Walmart stated it will reduce gun sales and some military-style rifles used in some hunting rifles, naming the status quo on guns in the US “unacceptable.” This decision came a month after a fatal shot at a Texas Walmart killed 22, a tragedy that has been followed by following attacks, including another shooting in West Texas that left seven dead.
The Bentonville, Arkansas-based discounter said Tuesday Walmart will reduce gun sales as well as short-barrel rifle ammunition, such as the .223 caliber and 5.56 caliber used in military-style weapons, after it moves out of its modern inventory.
The retailer is further “respectfully requesting” that shoppers no longer simply take guns into their stores in states where “open carry” is allowed except if they are law enforcement officers.
The retailer made the decision after weeks of discussing the suitable answer to the violence that occurred in El Paso on August 3. The company stated, “We’ve also been listening to a lot of people inside and outside our company as we think about the role we can play in helping to make the country safer.”
Furthermore, it will reduce or even stop handgun sales in Alaska. Walmart ended selling handguns in the mid-1990s, with the exclusion of Alaska. The latest move marks its full exit from that business and lets it concentrate on hunting rifles and related ammo only.
Velshi, a frequent critic of the NRA and the “gun lobby,” stated Walmart does not require gun sales to maintain its advantages, implying the company made a smart business movement. But, he said, the retailer will take energy from Second Amendment advocates.
Velshi explained AR-15s as the guns “that have been used in pretty much every mass killing we’ve reported on in the last many years,” although the AR-15 is far from the only gun to be used in mass shots. Most mass shootings have not been carried out with an AR-15; Mother Jones‘s data tell semiautomatic handguns are more popular in mass shootings, and decades of data show handguns are used more in gun crime.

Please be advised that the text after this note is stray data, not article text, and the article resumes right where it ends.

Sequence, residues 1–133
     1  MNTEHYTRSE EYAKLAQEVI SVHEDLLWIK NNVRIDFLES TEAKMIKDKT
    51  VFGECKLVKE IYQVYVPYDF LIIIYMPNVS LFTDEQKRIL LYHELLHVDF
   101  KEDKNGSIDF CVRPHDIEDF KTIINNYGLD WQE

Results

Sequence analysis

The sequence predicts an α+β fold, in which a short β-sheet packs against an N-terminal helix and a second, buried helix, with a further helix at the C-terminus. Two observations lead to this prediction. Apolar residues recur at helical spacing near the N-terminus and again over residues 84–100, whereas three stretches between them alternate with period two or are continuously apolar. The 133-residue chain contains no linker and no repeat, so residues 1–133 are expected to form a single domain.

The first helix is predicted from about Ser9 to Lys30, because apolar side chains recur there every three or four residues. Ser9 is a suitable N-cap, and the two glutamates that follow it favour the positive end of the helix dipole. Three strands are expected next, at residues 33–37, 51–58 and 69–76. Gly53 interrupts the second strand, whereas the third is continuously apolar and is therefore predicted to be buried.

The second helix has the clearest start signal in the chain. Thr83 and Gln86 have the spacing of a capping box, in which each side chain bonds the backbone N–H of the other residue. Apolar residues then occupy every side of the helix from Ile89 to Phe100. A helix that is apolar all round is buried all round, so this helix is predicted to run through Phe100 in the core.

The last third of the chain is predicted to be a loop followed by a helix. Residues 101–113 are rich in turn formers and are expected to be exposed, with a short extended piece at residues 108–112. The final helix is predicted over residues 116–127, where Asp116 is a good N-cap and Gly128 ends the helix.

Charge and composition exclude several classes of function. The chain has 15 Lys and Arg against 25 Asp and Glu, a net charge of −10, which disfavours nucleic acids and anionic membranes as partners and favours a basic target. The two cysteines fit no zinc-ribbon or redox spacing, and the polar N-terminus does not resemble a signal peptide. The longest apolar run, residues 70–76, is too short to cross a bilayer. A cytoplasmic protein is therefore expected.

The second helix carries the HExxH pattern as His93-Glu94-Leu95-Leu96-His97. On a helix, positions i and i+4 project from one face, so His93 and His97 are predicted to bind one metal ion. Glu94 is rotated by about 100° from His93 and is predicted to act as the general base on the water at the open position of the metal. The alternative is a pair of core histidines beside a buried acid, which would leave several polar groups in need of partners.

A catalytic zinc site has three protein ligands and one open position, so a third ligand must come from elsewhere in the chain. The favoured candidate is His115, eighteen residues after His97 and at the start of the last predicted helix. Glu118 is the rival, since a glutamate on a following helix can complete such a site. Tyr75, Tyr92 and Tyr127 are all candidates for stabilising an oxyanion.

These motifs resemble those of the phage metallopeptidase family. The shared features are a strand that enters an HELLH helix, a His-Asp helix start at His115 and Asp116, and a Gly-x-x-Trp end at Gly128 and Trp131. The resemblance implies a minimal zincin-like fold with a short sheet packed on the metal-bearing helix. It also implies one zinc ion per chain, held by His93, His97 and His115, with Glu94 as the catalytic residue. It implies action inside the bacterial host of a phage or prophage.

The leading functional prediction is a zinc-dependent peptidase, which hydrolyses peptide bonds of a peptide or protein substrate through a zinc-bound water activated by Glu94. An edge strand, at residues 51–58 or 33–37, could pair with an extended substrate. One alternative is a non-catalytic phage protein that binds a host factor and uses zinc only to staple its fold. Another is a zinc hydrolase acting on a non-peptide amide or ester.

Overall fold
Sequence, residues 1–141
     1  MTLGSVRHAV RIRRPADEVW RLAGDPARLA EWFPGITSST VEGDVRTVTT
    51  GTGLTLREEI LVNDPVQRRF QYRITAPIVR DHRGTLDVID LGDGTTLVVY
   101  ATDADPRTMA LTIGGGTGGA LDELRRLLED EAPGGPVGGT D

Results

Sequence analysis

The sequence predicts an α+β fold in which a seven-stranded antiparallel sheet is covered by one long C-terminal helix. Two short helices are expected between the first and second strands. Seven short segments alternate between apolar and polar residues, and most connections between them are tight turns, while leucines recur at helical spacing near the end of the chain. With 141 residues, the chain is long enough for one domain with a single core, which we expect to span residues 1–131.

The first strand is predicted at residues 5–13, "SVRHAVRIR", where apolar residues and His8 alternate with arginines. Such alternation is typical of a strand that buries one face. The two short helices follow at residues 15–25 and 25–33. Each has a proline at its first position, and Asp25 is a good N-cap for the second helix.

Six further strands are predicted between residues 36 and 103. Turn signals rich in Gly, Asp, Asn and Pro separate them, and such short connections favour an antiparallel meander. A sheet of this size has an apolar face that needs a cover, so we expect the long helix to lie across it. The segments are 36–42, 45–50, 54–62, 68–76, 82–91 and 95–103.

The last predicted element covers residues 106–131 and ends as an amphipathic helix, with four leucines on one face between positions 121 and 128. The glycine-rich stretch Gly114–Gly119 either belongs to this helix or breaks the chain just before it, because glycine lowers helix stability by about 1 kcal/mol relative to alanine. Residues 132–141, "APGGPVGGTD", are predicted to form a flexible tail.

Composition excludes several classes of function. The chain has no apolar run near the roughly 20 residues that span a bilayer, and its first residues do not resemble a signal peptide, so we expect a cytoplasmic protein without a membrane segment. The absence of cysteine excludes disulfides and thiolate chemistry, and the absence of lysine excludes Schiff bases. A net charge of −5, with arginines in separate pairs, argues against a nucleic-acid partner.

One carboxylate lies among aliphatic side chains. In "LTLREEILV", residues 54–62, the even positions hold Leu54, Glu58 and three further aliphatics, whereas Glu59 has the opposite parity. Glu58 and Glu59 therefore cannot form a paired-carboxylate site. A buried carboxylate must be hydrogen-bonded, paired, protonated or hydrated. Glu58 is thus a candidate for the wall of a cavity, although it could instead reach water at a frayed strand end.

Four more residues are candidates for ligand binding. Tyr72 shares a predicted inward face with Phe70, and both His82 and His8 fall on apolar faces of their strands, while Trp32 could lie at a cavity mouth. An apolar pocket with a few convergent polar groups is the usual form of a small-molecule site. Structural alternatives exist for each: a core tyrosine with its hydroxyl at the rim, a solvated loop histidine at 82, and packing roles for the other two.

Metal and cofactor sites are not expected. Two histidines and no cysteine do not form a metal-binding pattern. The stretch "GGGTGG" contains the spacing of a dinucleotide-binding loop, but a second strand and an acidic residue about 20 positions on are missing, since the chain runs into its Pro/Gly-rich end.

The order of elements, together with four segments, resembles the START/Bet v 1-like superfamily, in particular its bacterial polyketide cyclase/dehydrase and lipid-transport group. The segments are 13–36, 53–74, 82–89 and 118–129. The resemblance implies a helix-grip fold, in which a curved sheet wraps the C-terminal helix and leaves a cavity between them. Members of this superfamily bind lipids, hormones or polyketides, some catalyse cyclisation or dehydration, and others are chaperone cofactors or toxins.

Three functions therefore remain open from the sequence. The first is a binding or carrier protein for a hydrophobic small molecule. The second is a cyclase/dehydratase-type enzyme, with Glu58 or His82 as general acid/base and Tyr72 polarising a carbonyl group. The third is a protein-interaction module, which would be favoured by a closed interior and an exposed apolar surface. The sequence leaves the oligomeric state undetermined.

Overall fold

“We have a long heritage as a company of serving responsible hunters and sportsmen and women, and we’re going to continue doing so,” according to a note by Walmart’s CEO Doug McMillon to be circulated to agents Tuesday evening.
Texas became an open carry state in 2016, allowing people to openly carry firearms in public.
“We believe the opportunity for someone to misinterpret a situation, even in open carry states, could lead to tragic results,” Doug McMillon continued. “We hope that everyone will understand the circumstances that led to this new policy and will respect the concerns of their fellow shoppers and our associates.”
Walmart’s movements will reduce gun sales and also the market of ammo from around 20% to a range of about 6% to 9%, according to Tuesday’s memo. About half of its more than 4,000 U.S. stores sell guns.
Doug McMillon called on Congress and the White House to perform “common sense” rules, including stricter background limits for gun buying.
“As we’ve seen before, these horrific events occur and then the spotlight fades. We should not allow that to happen,” McMillon told in a report. “Congress and the administration should act.”
The nation’s largest retailer has been facing increasing pressure to change its gun policies by gun control activists, agents and politicians after the El Paso shooting and a second separate shooting in Dayton, Ohio that killed nine people. A few days before that, two Walmart workers were killed by another worker at a store in Southaven, Mississippi.
During the last 15 years, Walmart had grown beyond its hunting and fishing roots, carrying items like assault rifles in answer to rising demand. However, especially since 2015, often agreeing with major public mass shootings, the company has made progress to control the sale of ammo and guns.
Walmart stated in February 2018 that it would no longer sell firearms and ammunition to people younger than 21 and additionally removed items relating assault-style rifles from its website. Those moves were mentioned by the mass shooting at a high school in Parkland, Florida, that killed 17 people.
In 2015, Walmart ended selling semi-automatic weapons like the AR-15 style rifle, the type used in the Dayton shooting. The retailer also doesn’t sell large-capacity magazines, handguns or bump stocks, nor the AK-style gun that was used by the El Paso shooter.
Now, after numerous shootings that killed innocent people and injured many, actions were finally taken to counter the violence and armed attacks. Perhaps this is a step to reduce the bitter news of death from armed attacks.